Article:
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Thalidomide Birth Defects

Taking thalidomide (Thalomid®) during pregnancy can cause severe birth defects and even death in an unborn baby. As a result, the U.S. Food and Drug Administration (FDA) has classified thalidomide as a pregnancy Category X medication, which means the potential risks clearly outweigh the potential benefits of this drug.
The most common birth defect reported from using thalidomide during pregnancy is abnormal development of the arms and legs. The arms and legs may be shortened or, in severe cases, missing.
A variety of other defects have also been reported, such as malformations of the head and face, eyes, ears, tongue, teeth, lungs, heart, and digestive tract.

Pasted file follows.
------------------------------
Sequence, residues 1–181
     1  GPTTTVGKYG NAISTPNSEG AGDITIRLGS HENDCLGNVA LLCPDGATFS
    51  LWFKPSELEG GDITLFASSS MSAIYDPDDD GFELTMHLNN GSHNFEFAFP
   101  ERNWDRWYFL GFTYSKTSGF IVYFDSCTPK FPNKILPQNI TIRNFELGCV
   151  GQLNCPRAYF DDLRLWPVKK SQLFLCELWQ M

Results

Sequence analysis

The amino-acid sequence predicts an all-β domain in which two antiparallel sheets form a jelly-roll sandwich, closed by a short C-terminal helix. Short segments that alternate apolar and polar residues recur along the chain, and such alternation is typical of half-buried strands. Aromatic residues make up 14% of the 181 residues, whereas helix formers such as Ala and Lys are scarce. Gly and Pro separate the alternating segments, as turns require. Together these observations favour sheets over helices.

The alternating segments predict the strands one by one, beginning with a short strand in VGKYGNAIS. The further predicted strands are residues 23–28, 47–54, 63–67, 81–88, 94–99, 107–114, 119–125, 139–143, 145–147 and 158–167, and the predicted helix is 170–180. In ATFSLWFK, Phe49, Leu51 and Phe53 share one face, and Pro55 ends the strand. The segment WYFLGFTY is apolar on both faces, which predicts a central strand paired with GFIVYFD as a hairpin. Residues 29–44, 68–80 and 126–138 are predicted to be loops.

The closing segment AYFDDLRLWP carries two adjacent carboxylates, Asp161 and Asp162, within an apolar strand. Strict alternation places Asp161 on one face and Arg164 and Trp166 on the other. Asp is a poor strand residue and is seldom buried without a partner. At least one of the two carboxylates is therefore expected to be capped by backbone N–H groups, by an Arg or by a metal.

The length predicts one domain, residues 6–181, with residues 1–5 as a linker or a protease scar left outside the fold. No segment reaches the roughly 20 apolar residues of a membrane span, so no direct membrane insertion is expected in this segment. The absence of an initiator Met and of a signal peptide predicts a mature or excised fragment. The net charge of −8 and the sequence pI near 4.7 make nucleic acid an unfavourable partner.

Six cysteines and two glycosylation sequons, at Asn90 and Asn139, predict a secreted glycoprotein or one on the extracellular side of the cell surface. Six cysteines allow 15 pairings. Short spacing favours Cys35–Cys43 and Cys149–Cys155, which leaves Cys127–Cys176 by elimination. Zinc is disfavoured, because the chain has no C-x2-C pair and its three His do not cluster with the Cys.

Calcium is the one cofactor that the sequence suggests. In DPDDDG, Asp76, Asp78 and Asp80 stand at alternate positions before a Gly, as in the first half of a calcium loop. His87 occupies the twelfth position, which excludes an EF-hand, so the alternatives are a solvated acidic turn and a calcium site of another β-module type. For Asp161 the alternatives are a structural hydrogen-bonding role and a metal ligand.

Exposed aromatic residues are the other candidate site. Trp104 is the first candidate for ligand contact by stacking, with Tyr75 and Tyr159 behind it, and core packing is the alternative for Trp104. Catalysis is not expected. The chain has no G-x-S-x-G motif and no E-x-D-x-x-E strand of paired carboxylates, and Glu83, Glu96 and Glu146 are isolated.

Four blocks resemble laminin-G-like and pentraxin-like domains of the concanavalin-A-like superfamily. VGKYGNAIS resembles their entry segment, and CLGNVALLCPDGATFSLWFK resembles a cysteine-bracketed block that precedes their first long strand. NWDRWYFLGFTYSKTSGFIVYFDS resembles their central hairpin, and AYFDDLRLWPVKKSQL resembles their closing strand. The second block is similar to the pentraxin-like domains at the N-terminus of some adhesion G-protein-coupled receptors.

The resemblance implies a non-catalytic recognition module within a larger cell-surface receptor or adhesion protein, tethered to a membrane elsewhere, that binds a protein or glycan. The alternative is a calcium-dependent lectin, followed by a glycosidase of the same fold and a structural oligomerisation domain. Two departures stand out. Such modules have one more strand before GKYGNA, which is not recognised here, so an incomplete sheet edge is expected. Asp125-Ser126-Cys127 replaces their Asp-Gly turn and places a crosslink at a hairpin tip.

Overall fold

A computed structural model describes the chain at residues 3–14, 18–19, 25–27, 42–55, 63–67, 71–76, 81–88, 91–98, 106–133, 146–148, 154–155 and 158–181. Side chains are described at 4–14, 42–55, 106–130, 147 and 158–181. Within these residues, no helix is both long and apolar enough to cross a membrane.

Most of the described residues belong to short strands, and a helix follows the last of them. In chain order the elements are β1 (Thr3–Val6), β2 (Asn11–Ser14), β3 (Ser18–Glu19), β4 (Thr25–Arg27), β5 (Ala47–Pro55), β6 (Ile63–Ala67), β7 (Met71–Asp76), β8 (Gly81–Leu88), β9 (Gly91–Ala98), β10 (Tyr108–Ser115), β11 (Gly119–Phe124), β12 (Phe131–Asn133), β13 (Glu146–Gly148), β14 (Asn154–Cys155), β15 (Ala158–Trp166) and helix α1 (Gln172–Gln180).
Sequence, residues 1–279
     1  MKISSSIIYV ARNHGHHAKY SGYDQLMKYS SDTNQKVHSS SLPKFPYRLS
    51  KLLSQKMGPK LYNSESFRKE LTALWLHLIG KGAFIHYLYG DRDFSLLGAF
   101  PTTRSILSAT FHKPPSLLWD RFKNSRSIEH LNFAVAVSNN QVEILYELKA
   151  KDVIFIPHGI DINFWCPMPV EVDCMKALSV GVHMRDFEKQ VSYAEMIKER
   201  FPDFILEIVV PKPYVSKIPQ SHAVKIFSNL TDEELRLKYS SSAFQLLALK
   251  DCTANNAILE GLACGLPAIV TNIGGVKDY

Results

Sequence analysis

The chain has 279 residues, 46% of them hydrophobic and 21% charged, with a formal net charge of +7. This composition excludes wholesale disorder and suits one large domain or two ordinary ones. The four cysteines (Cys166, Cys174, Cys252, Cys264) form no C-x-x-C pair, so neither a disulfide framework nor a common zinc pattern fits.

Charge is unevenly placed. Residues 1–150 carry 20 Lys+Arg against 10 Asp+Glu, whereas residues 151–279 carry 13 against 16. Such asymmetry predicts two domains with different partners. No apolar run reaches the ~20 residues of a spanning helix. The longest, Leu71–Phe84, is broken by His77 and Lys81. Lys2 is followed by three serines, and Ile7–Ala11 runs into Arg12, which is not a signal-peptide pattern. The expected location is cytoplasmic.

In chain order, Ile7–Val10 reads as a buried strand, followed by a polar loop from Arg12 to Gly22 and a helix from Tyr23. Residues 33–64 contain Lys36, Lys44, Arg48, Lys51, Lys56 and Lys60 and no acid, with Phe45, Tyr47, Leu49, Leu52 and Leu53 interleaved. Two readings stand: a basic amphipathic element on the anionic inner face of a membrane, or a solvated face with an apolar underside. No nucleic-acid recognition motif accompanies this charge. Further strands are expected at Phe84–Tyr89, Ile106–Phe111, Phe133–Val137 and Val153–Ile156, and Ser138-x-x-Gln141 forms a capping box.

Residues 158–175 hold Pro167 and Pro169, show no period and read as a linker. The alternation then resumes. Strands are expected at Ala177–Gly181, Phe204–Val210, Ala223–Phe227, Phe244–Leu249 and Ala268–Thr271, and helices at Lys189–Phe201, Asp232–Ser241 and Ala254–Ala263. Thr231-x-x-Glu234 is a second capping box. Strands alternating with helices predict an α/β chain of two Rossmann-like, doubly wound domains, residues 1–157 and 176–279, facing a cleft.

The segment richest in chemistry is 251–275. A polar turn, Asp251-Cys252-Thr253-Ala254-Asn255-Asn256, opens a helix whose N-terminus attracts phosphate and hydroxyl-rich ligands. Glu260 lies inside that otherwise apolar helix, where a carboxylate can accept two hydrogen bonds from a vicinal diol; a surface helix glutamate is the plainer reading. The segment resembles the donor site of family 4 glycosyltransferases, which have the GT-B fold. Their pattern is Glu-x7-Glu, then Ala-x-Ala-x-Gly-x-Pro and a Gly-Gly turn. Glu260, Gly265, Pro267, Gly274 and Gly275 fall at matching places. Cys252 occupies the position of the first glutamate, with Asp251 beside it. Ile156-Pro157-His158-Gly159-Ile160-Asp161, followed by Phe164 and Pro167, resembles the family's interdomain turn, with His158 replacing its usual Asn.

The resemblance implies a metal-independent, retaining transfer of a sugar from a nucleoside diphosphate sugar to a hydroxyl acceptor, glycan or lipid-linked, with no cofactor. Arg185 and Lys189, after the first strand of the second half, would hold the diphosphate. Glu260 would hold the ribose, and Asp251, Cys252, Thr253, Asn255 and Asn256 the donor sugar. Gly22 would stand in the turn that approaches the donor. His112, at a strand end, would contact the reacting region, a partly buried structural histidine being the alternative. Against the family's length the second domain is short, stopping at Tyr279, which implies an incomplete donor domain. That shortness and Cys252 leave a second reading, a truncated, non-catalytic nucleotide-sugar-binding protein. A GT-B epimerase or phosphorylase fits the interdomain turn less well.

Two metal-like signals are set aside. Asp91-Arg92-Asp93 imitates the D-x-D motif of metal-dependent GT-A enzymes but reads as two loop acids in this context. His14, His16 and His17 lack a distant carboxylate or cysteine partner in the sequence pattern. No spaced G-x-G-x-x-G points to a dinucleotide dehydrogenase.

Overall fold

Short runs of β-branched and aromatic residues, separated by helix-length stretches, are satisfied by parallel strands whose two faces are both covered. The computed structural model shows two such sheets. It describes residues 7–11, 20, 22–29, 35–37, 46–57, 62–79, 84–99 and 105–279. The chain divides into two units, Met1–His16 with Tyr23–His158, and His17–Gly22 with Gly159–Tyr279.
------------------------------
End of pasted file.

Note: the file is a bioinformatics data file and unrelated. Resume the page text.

Thalidomide has also been reported to cause death at or shortly after birth in about 40 percent of infants whose mothers took the medicine while pregnant.
(To learn more about possible birth defects that may occur during thalidomide treatment, click Thalomid and Pregnancy. This article also describes the strict regulations a woman of childbearing potential must follow while taking this drug.)
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